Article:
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Perennial Partners for Spring Bulbs

Double the color show in your garden with easy-care perennials, that flower at the same time as spring-blooming bulbs like tulips and daffodils. Here are our favorite early-bird perennials you can plant now. By Doug Jimerson

Hellebore

Hellebore and daffodils make ideal dance partners in the spring garden. Both of these easy-care perennials bloom in the late winter and early spring, often when there’s still snow on the ground. The elegant-downward facing flowers of hellebore pair beautifully with the trumpet-shape blooms of daffodils. Plant hellebore in the spring or fall. Tuck daffodil bulbs at their feet in autumn. Zones 3-8

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Bleeding Heart

You’ll fall in love with bleeding heart the first time you see this beauty in the spring garden. This graceful early-blooming perennial is prized for its arching branches that bear pink or white heart-shape flowers. Growing 2 to 4 feet tall, bleeding heart looks best with taller tulip and daffodil varieties. When the weather heats up, bleeding heart will go dormant at the same time as your bulbs, leaving you plenty of space to add summer-flowering annuals. Zones 3-8

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Ajuga

Growing only 6 inches tall, ajuga is the perfect companion for low-growing, early-bird bulbs, such as scilla, puschkinia, snowdrops, and grape hyacinths. To create a colorful carpet of color, space ajuga 8 inches apart and then tuck a few little bulbs between them. Come spring, the bulbs will pop up and bloom alongside the colorful foliage and showy flower spikes of ajuga. Zones 3-9

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Hosta

Just when you think winter is never going to end, the spirit-lifting spikes of hosta leaves start to poke through the soil. Solid green, variegated, blue, or yellow, hosta foliage offers plenty of spring color, even before the leaves completely unfurl. Hostas make great companions for a variety of spring-flowering bulbs including tulips, daffodils, grape hyacinths, and scilla. Zones 3-9

Creeping Phlox

Once established, it doesn’t take creeping phlox long to create a carpet of color in your spring border. This super-hardy creeper grows just 4 to 6 inches tall, but its bright pink, blue, purple, white, or bi-colored flowers pack a big punch in the garden. The plants are evergreen, so even after the flowers fade, creeping phlox remains colorful right through the winter. Plant small bulbs such as scilla and puschkinia under the mat of phlox foliage so they’ll pop in the spring, creating a double layer of bloom. Zones 3-9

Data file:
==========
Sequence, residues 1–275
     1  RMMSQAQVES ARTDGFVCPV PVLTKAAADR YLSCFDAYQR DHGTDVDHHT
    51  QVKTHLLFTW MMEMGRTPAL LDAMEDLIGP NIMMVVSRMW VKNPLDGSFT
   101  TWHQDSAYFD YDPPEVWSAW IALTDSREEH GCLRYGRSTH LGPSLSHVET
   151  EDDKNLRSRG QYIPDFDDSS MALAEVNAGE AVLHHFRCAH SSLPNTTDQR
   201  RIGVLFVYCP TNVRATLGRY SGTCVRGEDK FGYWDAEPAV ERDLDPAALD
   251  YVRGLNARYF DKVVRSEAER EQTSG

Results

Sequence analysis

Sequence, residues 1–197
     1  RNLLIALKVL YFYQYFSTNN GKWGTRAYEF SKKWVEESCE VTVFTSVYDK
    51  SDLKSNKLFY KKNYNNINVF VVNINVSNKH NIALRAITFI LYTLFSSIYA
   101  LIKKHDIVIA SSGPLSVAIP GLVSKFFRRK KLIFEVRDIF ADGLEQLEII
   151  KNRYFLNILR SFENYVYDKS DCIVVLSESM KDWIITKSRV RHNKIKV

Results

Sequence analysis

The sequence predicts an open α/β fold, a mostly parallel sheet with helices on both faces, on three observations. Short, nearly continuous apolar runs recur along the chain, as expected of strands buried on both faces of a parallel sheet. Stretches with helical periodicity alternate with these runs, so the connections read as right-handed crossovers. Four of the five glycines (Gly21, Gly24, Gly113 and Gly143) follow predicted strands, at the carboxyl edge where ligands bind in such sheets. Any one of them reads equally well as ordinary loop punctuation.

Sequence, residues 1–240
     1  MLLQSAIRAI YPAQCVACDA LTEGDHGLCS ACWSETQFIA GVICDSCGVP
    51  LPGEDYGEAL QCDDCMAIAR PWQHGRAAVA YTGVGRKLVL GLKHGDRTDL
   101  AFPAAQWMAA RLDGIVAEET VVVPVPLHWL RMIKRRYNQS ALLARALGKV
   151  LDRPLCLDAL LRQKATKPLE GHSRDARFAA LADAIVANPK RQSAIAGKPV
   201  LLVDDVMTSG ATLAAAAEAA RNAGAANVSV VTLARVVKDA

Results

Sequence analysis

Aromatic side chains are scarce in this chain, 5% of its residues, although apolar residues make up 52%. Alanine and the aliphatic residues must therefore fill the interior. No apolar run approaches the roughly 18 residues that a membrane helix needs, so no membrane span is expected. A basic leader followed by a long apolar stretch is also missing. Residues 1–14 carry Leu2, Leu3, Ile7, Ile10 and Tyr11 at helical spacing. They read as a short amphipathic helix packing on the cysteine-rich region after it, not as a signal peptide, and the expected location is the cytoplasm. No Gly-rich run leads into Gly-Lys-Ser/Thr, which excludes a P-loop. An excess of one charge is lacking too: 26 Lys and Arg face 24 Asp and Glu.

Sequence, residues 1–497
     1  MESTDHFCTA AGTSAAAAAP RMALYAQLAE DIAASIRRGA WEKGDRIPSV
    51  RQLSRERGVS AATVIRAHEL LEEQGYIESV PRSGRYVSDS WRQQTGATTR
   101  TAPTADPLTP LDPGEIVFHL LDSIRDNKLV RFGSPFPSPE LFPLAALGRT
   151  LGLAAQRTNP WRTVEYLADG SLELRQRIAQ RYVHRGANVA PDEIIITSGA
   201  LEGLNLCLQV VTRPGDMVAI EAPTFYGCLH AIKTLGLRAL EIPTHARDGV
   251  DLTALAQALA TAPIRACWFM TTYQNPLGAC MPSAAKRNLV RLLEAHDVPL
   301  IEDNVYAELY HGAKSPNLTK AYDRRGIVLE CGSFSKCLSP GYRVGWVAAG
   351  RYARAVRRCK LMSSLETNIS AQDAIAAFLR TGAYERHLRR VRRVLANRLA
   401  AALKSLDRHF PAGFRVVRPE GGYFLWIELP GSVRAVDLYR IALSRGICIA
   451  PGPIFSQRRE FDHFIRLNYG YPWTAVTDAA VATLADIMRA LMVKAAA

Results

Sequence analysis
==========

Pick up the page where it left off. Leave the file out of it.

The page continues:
Heuchera

Another early-riser your garden, heuchera is also called coralbells. These perennial beauties show off foliage in a wide range of colors including bronze, purple, green, chartreuse, and bi-colors. Although the plants bloom in early summer, it’s the spring foliage that’s truly spectacular when paired with early-flowering bulbs such as tulips, daffodils, grape hyacinth, and scilla. Zones 4-9

Primula

Looking like little jewels scattered through your garden, primroses come in a kaleidoscope of rich primary and pastel colors. Primroses grow 6 to 8 inches tall and combine effortlessly with bulbs such as scilla, early tulips, and narcissus. You can stick with one color scheme or mix it up to create a crazy quilt of primroses and bulbs. Zones 3-8

Doronicum

The bright yellow, daisylike flowers of doronicum, also called leopard’s bane, are borne on wiry stems that dance on the slightest breeze. Doronicum is an early bloomer that grows 12 to 18 inches tall, so pair it with tulips and daffodils. Doronicum will also spread slowly through your garden, although it won’t become invasive. Zones 4-7

Viola

Violas and their cheery cousins, pansies, make great partners for early bulbs because they’re at their best when the weather is cool and moist. In fact, these little charmers are tough enough to withstand temperatures that occasionally drop into the 20s. Because violas grow 6 to 8 inches tall, pair them with little bulbs such as snowdrops, scilla, puschkinia, and crocus. Zones 4-8

English Daisy

The cute-as-a-button flowers of English daisy are guaranteed to put a smile on your face when they pop into bloom. These little charmers grow 8 inches tall and develop bouquets of pink, blue, white, or red flowers that look amazing when paired with spring bulbs such as tulips and daffodils. English daisy prefers a partially shady location and cool, moist weather. Because English daisy lives for about two years, it’s wise to add new plants every spring to maintain a consistent color show. Zones 4-8

Columbine

With its crown-like blooms and pretty blue-green foliage, columbine makes an ideal partner for tulips, daffodils, and alliums. Growing 12 to 24 inches tall, columbine are super easy to grow and come in a wide range of colors and bi-colors. These perennial natives aren’t particularly long lived, but they often self-sow and will return for many years. Zones 3-8

Brunnera

Once called false forget-me-not, brunnera offers both colorful flowers and foliage. The small, pale blue flowers appear on 12 to 18 inch tall stems atop heart-shape green-and-silver foliage. It’s an early bloomer, making it an ideal companion for spring-flowering bulbs such as daffodils that contrast well with its pretty blue blooms. It prefers partial shade and rich, moist soil. Zones 3-8

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